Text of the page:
Picturing Identity: The Allure of Portraiture
Historically, portraiture’s authority has rested on its ability to offer an enduring and tangible impression of a human subject. Indeed, both classical and Christian mythologies stress the powerful presence of portraits: the beautiful youth Narcissus met his demise after being mesmerized by his own reflection in a pool of water while the veil that St. Veronica used to wipe Christ’s face on Mount Cavalry became a venerated relic said to bear the true likeness of Christ.
Much of the power ascribed to portraiture has depended on the artist’s ability to vividly capture the nuances and peculiarities of a person’s physical appearance and character. Portraits were deemed successful when the image resembled the original to such a degree that the person represented appeared to be momentarily present before the viewer’s eyes.
Towards the end of the 19thcentury, portraiture underwent a change as photography assumed the painted portrait’s imitative function and modernist aesthetics challenged traditional emphasis on naturalistic representation. Turning away from the pursuit of life-like depictions, artists relied on abstraction, repetition and other techniques to engage with the idea of personal identity—how it is constructed and event whether it possible to represent it.
Critical approaches to portraiture observe that portraits are by definition always of and about someone but who this person is and how he/she is perceived depends on number of factors. In addition to being a product of a sitter’s sense of how they would like to be represented, the artist’s perception of the sitter, and the viewer’s interpretation of the finished product, portraits are informed by the social and historical values and beliefs that frame these very perceptions.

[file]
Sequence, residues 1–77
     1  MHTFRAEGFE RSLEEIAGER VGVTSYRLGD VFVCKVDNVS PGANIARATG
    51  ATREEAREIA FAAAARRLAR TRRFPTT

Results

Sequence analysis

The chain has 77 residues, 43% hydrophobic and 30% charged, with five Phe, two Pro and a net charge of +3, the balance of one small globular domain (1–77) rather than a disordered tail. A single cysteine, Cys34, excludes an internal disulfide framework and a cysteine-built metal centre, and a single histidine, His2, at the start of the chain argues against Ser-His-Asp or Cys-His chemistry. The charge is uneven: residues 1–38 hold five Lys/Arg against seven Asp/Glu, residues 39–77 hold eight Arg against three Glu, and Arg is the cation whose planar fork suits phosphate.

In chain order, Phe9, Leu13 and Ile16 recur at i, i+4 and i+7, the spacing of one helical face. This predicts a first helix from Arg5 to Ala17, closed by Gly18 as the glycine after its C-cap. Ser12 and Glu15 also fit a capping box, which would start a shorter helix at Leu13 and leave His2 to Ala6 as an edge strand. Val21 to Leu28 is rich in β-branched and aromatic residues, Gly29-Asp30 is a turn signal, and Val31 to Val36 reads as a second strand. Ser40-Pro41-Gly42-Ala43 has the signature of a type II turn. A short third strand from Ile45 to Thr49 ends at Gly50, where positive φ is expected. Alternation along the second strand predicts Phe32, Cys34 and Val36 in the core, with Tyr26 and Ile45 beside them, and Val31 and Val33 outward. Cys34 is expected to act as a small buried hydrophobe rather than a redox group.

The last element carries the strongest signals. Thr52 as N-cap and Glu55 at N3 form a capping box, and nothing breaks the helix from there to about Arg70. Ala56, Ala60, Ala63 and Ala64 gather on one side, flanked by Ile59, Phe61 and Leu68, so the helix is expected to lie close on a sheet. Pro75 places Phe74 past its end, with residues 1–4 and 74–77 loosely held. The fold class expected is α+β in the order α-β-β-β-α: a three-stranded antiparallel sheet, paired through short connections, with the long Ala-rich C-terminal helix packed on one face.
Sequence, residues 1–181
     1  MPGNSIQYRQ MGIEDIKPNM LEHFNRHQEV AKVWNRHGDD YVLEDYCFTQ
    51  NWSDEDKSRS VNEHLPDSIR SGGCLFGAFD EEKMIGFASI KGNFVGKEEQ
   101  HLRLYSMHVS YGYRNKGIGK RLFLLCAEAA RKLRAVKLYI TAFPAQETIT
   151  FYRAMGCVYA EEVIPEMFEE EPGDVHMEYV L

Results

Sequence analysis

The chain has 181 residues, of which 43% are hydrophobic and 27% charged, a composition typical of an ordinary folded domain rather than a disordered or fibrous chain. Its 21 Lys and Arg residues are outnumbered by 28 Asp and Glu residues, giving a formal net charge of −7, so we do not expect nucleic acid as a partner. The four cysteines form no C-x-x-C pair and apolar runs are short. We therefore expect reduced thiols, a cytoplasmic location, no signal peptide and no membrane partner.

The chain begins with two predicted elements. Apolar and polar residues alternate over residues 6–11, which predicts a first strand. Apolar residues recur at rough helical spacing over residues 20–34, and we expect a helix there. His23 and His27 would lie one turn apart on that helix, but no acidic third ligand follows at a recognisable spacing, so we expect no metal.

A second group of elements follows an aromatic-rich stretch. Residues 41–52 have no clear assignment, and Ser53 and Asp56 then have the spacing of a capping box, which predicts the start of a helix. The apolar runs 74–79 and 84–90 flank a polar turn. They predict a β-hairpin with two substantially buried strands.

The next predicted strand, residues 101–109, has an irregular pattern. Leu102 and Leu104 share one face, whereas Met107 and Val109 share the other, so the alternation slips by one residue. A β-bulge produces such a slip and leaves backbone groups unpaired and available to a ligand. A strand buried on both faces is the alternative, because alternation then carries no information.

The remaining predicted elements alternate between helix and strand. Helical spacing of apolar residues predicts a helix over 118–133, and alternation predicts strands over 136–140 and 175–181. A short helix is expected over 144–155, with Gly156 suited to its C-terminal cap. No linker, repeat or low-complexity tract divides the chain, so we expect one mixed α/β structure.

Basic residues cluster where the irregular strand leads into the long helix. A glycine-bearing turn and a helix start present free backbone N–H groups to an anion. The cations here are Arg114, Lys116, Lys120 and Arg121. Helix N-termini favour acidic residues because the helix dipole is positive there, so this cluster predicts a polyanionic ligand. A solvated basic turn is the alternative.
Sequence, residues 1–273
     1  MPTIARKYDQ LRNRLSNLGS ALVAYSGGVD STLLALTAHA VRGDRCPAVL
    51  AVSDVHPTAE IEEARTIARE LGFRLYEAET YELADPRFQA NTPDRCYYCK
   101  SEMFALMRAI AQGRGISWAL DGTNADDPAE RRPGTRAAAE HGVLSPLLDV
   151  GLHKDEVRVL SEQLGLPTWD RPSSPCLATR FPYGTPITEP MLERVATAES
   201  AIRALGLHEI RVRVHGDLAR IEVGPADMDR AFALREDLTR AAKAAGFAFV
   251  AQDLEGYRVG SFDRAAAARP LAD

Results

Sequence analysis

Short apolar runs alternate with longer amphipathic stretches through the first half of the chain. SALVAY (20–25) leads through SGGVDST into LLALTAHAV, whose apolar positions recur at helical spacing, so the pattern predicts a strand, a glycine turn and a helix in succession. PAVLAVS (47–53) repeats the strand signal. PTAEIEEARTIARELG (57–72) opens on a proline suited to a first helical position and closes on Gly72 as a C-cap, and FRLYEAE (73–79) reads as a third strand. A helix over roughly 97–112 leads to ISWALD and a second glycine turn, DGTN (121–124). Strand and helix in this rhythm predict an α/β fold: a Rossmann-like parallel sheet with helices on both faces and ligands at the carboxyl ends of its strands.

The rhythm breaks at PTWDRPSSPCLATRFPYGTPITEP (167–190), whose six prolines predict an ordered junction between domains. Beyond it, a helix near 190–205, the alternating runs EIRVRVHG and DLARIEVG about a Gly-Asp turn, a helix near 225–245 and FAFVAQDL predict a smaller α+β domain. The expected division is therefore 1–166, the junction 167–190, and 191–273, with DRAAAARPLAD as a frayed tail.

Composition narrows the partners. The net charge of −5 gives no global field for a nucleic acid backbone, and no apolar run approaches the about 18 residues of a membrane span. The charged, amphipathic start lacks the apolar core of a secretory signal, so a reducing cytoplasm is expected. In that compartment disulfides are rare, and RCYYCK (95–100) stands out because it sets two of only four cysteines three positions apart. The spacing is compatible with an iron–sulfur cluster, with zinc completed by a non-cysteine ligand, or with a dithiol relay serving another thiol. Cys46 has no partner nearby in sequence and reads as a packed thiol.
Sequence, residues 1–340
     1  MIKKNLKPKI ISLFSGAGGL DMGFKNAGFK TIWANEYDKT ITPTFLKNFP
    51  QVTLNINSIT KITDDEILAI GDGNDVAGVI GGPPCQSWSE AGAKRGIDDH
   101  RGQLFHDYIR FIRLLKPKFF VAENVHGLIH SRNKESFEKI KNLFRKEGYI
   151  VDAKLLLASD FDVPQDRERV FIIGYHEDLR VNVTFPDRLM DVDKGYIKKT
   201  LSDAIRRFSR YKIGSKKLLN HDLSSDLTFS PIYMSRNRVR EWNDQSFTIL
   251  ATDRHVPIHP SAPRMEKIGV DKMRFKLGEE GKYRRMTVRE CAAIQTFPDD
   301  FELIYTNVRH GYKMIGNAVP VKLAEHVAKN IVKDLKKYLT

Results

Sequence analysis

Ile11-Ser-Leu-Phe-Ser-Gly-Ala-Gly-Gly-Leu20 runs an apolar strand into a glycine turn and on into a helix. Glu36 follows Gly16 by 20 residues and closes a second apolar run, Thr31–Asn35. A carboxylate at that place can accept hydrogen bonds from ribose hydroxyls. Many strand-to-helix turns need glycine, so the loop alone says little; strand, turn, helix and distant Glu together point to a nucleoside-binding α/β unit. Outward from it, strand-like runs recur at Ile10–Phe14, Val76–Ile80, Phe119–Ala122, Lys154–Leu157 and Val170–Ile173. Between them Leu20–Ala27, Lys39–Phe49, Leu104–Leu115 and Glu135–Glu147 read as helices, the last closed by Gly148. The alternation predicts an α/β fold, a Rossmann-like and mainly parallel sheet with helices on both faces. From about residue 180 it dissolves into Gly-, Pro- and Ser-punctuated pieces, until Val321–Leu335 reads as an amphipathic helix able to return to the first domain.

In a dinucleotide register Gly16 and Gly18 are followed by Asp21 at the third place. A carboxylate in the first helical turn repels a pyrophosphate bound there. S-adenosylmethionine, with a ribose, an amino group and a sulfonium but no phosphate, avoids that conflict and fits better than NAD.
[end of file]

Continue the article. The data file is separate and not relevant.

The exhibition Picturing Identity: The Allure of Portraiture
will feature 20th century examples of portraits that address these changes in the perceived nature of personal identity and its representation. Portraits feature celebrities and historical figures whose public roles question the traditional function of portraiture. Andy Warhol’s Liz Taylor for example appears to be more about how a person becomes an image than an accurate representation of the person “behind” the portrait. Caricatures similarly dismantle the notion that portraits reveal some hidden essence of an individual by fixing features in a mask and reducing an individual to a type. The various portraits of America’s former presidents remind us that we often remember people not as they were but as they appeared to be through images.
Culled from the Figge’s collection as well as significant loans from private collections and the University of Iowa Museum of Art, the portraits in this exhibition serve as a reminder of portraiture’s continuing importance as an artistic genre.
Don Decker and Andy TrasowechThis exhibition is on view through February 17, 2013.Tours of Picturing Identity will be offered every Sunday at 1:30, January 27th thru February 17th.Companion EventPicturing Identity: The Allure of Portraiture Curator Lecture
7 pm Thursday February 7, 2013
Presenter: Rima Girnius, PhD
Join exhibition curator Rima Girnius for an introduction in the gallery.